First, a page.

That kind of cost-sharing encourages people to use fewer services, according to Gary Claxton, a vice president at the Kaiser Family Foundation. “Some of that is appropriate,” he says, “but it can lead to some really bad choices. When someone puts off care, they may end up needing more care and spending more later on.”
How to Make the Best of an HDHP Plan
It’s not that high-deductible plans are a poor choice for everyone. If you’re healthy, you don’t need to go to a doctor for more than routine screenings, and you have a savings cushion to cover your deductible, paying lower monthly premiums may be a reasonable option.
Still, Consumer Reports and other consumer advocates say that too many people have plans they can’t afford or don’t understand. (Read about where CR stands on high-deductible health plans.)
For now, if you have a high-deductible plan or think you will soon, you’ll have to be more involved in decisions about your healthcare. But there’s a lot you can do to make the plan work better for you.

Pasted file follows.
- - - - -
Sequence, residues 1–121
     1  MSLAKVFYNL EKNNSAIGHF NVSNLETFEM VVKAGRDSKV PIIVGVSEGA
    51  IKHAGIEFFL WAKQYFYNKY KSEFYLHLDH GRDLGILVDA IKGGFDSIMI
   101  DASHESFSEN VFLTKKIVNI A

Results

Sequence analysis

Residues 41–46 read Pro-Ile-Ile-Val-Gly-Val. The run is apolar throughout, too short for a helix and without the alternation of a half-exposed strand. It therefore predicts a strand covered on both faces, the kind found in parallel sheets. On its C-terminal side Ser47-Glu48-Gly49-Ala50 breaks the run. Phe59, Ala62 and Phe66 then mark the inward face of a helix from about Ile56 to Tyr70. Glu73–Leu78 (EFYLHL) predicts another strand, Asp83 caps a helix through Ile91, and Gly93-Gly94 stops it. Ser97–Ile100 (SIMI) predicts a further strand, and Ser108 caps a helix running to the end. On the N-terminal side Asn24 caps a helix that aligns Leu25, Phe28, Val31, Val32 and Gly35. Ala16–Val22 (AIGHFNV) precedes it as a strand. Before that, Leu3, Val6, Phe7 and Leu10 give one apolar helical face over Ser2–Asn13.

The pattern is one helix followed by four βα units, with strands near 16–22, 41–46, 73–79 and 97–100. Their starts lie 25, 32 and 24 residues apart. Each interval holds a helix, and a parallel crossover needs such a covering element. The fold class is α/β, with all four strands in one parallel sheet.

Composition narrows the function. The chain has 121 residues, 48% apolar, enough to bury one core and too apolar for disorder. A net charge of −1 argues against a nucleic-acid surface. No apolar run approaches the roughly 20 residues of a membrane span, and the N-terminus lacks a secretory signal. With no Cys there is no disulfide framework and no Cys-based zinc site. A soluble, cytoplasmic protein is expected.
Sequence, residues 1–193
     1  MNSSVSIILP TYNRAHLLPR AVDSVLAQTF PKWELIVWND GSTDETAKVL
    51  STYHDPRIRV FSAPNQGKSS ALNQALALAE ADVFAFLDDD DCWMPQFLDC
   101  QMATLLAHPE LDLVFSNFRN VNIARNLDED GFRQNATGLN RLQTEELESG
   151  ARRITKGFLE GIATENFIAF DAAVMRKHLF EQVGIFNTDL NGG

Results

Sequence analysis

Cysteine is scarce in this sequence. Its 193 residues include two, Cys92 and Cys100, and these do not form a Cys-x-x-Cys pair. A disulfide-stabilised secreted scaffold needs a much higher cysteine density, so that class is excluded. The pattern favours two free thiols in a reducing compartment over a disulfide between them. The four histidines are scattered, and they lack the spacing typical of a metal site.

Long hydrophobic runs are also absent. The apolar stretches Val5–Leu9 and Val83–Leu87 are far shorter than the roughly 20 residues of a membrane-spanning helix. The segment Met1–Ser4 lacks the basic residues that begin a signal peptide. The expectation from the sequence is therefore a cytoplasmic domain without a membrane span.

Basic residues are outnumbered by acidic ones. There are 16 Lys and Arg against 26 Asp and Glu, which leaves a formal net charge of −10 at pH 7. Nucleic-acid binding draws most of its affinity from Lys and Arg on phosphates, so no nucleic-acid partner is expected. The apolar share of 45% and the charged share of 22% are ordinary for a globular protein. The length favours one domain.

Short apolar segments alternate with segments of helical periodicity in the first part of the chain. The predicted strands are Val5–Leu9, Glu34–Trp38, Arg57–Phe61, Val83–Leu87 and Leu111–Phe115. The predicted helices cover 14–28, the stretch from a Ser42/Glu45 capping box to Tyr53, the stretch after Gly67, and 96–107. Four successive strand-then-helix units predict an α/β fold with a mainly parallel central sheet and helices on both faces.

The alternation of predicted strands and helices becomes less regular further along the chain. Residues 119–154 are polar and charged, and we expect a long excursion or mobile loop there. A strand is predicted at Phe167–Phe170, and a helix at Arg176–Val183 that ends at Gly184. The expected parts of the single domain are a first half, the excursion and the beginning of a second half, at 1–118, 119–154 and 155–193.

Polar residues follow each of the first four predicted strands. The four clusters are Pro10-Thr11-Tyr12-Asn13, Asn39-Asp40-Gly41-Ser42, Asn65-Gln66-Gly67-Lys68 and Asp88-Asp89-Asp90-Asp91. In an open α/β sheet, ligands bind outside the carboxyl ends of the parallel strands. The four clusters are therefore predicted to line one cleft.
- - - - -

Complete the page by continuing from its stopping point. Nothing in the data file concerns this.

Consumer Reports consulted health-policy and insurance experts, talked with doctors, and conducted our own research to uncover the most cost-effective ways to use your high-deductible plan while getting the medical services you need.
Know what’s free. Many routine health services intended to keep you well or catch problems early (including colonoscopies, mammograms, and vaccinations) are free in all insurance plans now. Yet only one in 10 people in high-deductible plans said they knew such screenings were free, and almost 20 percent said they avoided preventive tests because they thought they would cost them, according to a 2012 study published in the journal Health Affairs. So make sure you go to a doctor for the care you’re entitled to get.
Comparison shop. High deductibles are supposed to nudge you to shop around for lower prices for nonemergency care. But few people are doing that. Most health insurance sites provide information on where to find in-network services. And some offer cost-estimator tools that give the price you’ll pay different providers for, say, an MRI or knee surgery. But a Consumer Reports Health Ratings Center study of 21 insurance plans found that only 13 percent of people used the tools on their insurer’s site, even though 75 percent said they were concerned about cost and the quality of service. One reason is that people simply aren’t aware that those tools exist. (If your health insurance company doesn’t offer one, call your insurer directly to ask for quotes.)